We begin our present analysis with the language of the statute itself. As we have previously explained:
If the plain language of the statute is unambiguous, that language is conclusive absent clear legislative intent to the contrary. Therefore, if the intent of Congress can be clearly discerned from the statute's language, the judicial inquiry must end. If, on the other hand, the language of a statute is ambiguous, we should consider "the purpose, the subject matter and the condition of affairs which led to its enactment." When the meaning of a statute is questionable, it should be given a sensible construction and construed to effectuate the underlying purposes of the law. Dowd v. United Steelworkers, 253 F.3d 1093, 1099 (8th Cir. 2001) (Dowd) (quoting United States v. McAllister, 225 F.3d 982, 986 (8th Cir. 2000)).
Section 11(a) provides in relevant part:
In case any part of the registration statement, when such part became effective, contained an untrue statement of a material fact or omitted to state a material fact required to be stated therein or necessary to make statements therein not misleading, any person acquiring such security (unless it is proved that at the time of such acquisition he knew of such untruth or omission) may, either at law or in equity, in any court of competent jurisdiction, sue . . . . 15 U.S.C. § 77k(a) (emphasis added).
The phrase "any person acquiring such security" is not only broad on its face but, more importantly, is broad when compared to the language of § 12(2), the provision at issue in the Gustafson decision. Section 12(2) provides that any person who "offers or sells a security" by means of a "prospectus or oral communication" containing a materially false or misleading statement or omission shall be liable "to the person purchasing such security from him" (subject to exceptions not pertinent herein). 15 U.S.C. § 77l(a)(2). Section 12(2), therefore, expressly requires privity between the issuer and the purchaser of the security at issue. Section 11, by contrast, has no comparable language - it simply refers to "any person acquiring such security," with "such security" referring to a security registered under the registration statement alleged to be defective. We perceive the absence in § 11 of limiting language similar to that found in § 12(2) to indicate Congress's intent to convey a relatively broader meaning. See Gustafson, 513 U.S. at 577 (comparing language in § 12(2) to § 17(a) of the 1933 Act, and explaining that the presence of limiting language in § 12(2) requires a narrow construction, just as the absence of such limiting language in § 17(a) results in a broader construction). In other words, we read § 11's plain language to state unambiguously that a cause of action exists for any person who purchased a security that was originally registered under the allegedly defective registration statement - so long as the security was indeed issued under that registration statement and not another. Therefore, even in light of Gustafson, § 11 is broad enough to encompass some aftermarket purchasers, subject, of course, to the long-recognized requirement that the plaintiff must directly trace his or her security to the allegedly defective registration statement at issue in the case, as was required in Kirkwood v. Taylor.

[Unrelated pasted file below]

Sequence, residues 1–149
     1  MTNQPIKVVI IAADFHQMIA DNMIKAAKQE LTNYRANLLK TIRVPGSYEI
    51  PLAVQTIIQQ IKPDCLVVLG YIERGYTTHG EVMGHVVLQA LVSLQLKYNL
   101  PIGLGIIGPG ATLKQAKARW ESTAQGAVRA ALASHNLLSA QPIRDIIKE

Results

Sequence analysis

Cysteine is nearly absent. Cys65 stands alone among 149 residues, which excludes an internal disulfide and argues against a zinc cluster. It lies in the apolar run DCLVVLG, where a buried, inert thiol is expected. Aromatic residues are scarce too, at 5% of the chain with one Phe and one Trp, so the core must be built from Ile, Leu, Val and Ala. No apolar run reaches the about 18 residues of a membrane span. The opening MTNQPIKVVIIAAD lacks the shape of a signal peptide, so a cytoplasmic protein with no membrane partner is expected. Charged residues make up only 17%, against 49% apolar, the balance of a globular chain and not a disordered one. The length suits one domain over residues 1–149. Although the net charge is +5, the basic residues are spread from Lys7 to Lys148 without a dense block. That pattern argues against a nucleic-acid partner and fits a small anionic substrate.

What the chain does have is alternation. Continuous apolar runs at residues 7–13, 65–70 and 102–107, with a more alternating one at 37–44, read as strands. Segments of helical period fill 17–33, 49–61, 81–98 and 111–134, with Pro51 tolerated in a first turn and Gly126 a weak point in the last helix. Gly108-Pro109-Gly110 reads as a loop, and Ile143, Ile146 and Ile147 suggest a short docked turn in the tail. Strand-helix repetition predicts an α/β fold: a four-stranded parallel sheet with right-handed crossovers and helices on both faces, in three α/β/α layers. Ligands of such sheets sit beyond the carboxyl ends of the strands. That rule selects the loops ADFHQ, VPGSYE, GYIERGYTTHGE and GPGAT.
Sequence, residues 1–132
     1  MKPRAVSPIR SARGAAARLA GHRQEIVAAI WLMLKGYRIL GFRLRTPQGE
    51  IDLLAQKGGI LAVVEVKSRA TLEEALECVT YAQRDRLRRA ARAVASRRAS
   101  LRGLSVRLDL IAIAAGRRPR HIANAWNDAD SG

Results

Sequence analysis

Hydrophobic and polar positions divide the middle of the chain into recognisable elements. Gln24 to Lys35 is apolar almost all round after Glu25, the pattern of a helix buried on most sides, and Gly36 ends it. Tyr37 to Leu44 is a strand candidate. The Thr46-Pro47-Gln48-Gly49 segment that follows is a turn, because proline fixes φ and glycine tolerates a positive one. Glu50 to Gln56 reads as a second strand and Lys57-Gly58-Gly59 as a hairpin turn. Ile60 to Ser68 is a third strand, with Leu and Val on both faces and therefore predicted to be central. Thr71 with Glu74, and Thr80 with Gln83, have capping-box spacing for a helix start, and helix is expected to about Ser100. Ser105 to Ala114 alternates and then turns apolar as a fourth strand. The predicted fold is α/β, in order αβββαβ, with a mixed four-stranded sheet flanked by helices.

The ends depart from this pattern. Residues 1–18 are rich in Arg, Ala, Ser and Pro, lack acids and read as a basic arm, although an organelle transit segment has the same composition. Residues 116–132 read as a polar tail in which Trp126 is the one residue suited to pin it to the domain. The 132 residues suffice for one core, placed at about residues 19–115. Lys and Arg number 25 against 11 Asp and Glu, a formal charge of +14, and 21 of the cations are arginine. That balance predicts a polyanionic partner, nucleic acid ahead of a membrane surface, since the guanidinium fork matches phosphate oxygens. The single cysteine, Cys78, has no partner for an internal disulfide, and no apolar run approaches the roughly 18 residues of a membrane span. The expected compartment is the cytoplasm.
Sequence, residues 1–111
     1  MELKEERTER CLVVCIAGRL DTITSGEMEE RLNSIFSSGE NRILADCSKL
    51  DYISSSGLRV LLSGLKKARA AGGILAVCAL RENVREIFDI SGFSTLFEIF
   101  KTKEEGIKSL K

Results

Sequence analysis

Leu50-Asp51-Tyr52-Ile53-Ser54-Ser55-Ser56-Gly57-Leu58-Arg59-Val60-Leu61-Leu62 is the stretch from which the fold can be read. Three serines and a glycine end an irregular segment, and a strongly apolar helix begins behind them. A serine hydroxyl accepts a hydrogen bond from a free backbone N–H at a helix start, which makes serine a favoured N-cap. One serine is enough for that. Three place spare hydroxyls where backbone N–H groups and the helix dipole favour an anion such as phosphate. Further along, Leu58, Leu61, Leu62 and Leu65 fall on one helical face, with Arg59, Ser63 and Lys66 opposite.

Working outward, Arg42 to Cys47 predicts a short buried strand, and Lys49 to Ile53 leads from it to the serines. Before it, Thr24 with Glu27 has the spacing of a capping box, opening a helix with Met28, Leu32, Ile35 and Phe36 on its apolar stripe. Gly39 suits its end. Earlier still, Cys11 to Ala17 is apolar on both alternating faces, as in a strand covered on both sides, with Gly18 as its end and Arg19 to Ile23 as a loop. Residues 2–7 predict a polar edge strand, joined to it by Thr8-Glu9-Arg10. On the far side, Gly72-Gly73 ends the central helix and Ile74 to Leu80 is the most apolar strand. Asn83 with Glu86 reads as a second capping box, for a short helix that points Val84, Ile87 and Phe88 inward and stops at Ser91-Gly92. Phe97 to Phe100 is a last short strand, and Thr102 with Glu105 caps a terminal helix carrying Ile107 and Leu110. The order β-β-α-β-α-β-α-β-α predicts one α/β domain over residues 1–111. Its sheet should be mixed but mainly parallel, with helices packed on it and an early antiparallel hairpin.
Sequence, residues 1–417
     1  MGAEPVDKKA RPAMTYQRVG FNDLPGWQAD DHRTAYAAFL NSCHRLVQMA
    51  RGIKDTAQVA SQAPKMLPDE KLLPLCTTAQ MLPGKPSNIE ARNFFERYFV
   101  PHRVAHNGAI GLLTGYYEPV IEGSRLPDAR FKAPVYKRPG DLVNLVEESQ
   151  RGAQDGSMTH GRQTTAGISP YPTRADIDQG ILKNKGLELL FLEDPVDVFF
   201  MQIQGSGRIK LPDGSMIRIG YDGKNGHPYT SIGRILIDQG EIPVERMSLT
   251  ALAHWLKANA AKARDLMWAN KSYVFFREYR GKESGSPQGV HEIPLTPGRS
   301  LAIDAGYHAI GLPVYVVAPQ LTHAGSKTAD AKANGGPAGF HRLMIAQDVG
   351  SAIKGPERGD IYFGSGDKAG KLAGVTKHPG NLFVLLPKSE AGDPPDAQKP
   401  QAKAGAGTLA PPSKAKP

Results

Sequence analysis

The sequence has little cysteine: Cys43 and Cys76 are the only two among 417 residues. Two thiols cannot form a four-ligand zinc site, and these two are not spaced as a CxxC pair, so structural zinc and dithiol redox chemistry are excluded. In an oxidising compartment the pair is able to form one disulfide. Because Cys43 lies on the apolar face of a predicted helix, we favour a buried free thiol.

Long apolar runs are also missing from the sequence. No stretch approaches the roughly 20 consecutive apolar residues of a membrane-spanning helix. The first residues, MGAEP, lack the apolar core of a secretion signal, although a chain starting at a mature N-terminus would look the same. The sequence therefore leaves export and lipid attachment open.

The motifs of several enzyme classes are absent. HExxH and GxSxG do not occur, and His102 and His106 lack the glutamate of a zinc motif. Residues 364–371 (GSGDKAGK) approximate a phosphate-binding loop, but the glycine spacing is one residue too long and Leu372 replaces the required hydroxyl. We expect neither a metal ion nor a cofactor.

Accord Joseph, 223 F.3d at 1159; Hertzberg, 191 F.3d at 1080. In addition, we note that, under § 11(e), damages are generally calculated as the difference between the amount paid for the security, not exceeding the price at which the security was offered to the public, and the price of the security at the time the lawsuit was filed or the security was disposed of in the market. See 15 U.S.C. § 77k(e). It would be unnecessary to limit the price to no more than the price offered to the public if the cause of action were limited to participants in the initial public offering. Similarly, § 11(g) - which expressly caps the maximum amount recoverable to the price offered to the public - would likewise be superfluous if only those who participated in the initial public stock offering could bring a § 11 claim. See id. § 77k(g).